We will first see what is TDD. TDD abbreviates for Test driven development. It differs from traditional testing method as it is a concept of doing testing before even development starts. Sounds weird? Let’s see how.
Testers write the test cases based on the business requirement documents. Developers then build the code based on the testcases. Some test cases might fail as the coding gradually widens. Later the code is again re-worked by the developers to make the test cases pass. This gives the luxury to developers that they can feel confident that their code does the job the way how it was designed.
Below is the lifecycle of TDD in real scenario.
So where does BDD comes into picture? Here you are. BDD comes as a savior in the life of a Business owners/analysts, Testers and developers. BDD is a Behavior driven development where behavior of the particular event is written in a simple English vocabulary. BDD uses test scripts called Gherkin. Gherkin is a simple domain specific language written in plain English. It provides Business analysts/testers with writing the behavior of the use cases without the logic/implementation details.
Gherkin uses 5 simple syntax. It is mostly event oriented in which each event has to have a feature and a scenario.
Feature: Describes what action is impacted in a particular module.
Scenario: Describes the whole event.
Given: Describes where the user is in
When: Describes the click action of the user
Then: describes the outcome of the click action
There are also other couple of syntax which are “And” which is used in the composite Gherkin and “But” which is used rarely
It is always good to write the testcases in its most granular level which means you break it down to the step that it could be no more granulated.
Let’s relate this to an example of adding a food item to the McDonald's cart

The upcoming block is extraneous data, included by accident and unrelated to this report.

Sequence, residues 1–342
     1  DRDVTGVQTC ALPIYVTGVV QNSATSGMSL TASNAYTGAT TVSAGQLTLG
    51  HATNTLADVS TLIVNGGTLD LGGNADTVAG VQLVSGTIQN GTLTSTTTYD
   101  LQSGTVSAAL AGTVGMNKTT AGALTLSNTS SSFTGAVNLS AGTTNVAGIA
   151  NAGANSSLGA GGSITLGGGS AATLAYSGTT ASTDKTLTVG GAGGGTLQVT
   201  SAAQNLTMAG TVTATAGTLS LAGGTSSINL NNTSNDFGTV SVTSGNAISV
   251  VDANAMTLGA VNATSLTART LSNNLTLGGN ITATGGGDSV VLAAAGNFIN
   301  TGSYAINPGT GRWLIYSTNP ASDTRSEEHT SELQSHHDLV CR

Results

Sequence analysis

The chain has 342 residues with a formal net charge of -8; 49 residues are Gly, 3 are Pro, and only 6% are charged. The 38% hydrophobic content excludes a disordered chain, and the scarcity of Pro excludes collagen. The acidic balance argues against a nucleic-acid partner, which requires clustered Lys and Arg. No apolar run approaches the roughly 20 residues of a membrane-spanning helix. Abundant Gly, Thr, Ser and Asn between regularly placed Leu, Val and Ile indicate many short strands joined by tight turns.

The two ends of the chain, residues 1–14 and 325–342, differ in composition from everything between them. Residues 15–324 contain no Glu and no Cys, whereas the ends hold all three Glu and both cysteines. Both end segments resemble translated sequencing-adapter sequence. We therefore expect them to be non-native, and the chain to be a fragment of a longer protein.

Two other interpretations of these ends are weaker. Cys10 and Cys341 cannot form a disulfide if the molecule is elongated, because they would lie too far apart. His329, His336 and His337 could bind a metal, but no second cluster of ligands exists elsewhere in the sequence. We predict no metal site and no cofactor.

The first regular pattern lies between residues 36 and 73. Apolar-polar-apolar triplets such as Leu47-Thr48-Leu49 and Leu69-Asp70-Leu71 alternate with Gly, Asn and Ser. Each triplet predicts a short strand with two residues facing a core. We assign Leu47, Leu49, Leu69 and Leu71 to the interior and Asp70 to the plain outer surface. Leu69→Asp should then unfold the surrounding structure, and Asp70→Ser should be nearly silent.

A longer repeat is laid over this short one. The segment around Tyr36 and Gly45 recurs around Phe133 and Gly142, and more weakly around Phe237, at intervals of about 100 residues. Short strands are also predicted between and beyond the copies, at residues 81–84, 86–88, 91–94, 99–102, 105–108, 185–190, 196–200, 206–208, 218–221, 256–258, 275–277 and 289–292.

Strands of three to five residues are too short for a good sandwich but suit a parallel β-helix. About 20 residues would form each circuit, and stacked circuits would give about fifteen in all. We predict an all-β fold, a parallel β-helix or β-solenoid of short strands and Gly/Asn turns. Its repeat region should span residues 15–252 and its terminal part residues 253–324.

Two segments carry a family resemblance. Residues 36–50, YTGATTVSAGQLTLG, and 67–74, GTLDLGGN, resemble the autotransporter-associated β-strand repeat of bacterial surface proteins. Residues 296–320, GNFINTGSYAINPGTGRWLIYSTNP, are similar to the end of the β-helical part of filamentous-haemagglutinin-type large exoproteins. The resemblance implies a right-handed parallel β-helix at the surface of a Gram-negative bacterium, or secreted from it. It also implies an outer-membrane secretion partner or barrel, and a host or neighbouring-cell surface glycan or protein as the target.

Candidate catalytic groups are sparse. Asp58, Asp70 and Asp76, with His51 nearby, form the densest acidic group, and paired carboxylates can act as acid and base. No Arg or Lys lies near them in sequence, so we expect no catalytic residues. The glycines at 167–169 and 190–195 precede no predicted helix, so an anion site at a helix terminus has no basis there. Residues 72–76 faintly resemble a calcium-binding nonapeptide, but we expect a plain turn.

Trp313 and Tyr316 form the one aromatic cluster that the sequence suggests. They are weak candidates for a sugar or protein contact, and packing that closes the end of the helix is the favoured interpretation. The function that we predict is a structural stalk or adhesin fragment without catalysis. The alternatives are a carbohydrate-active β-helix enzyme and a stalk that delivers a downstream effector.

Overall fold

Feature: Online Food ordering system in McD
Scenario: Adding an item to the cart
Given: the user is in the “view menu”
When: the user clicks on the burger
Then: burger gets added to the cart.
Hope we had enough with the feature of gherkin and here we go with the benefits of Gherkin, as selling a product involves more of explaining the benefits to the end customer rather than explaining just the feature.
How does it help the testers/BAs?
Language is plain English.
Can communicate easily with developers
Could be easily implemented in Agile projects
How does it help the developers?
Developers can easily track the work completion in each module
Can quickly segregate the issue as one event = one gherkin script
Can break the entire user story to a small agile project and be completed in a day.
Very solid document to start their coding
Let’s also quickly see where this part of Gherkin fits into the Software lifecycle. There is a hugely evolving position in the IT industry today, called as SDET’s. SDETs are software development engineer in Test. These SDETS will do the automation of all the Gherkin scripts using the automation tool called CUCUMBER. Cucumber has the ability to understand the Gherkin tests and validates the code performance as it should. It automates the code for acceptance testing.
I will continue exploring more on SDET and CUCUMBER in my upcoming blog.